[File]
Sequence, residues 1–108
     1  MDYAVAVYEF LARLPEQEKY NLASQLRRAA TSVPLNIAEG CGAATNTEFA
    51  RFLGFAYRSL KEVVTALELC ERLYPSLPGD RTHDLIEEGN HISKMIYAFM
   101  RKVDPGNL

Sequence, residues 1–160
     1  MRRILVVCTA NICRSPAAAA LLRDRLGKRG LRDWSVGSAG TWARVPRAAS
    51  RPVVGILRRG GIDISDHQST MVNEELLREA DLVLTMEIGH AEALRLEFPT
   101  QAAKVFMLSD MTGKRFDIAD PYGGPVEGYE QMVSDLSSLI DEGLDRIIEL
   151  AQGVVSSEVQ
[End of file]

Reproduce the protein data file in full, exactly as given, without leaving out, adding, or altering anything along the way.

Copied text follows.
Sequence, residues 1–108
     1  MDYAVAVYEF LARLPEQEKY NLASQLRRAA TSVPLNIAEG CGAATNTEFA
    51  RFLGFAYRSL KEVVTALELC ERLYPSLPGD RTHDLIEEGN HISKMIYAFM
   101  RKVDPGNL

Sequence, residues 1–160
     1  MRRILVVCTA NICRSPAAAA LLRDRLGKRG LRDWSVGSAG TWARVPRAAS
    51  RPVVGILRRG GIDISDHQST MVNEELLREA DLVLTMEIGH AEALRLEFPT
   101  QAAKVFMLSD MTGKRFDIAD PYGGPVEGYE QMVSDLSSLI DEGLDRIIEL
   151  AQGVVSSEVQ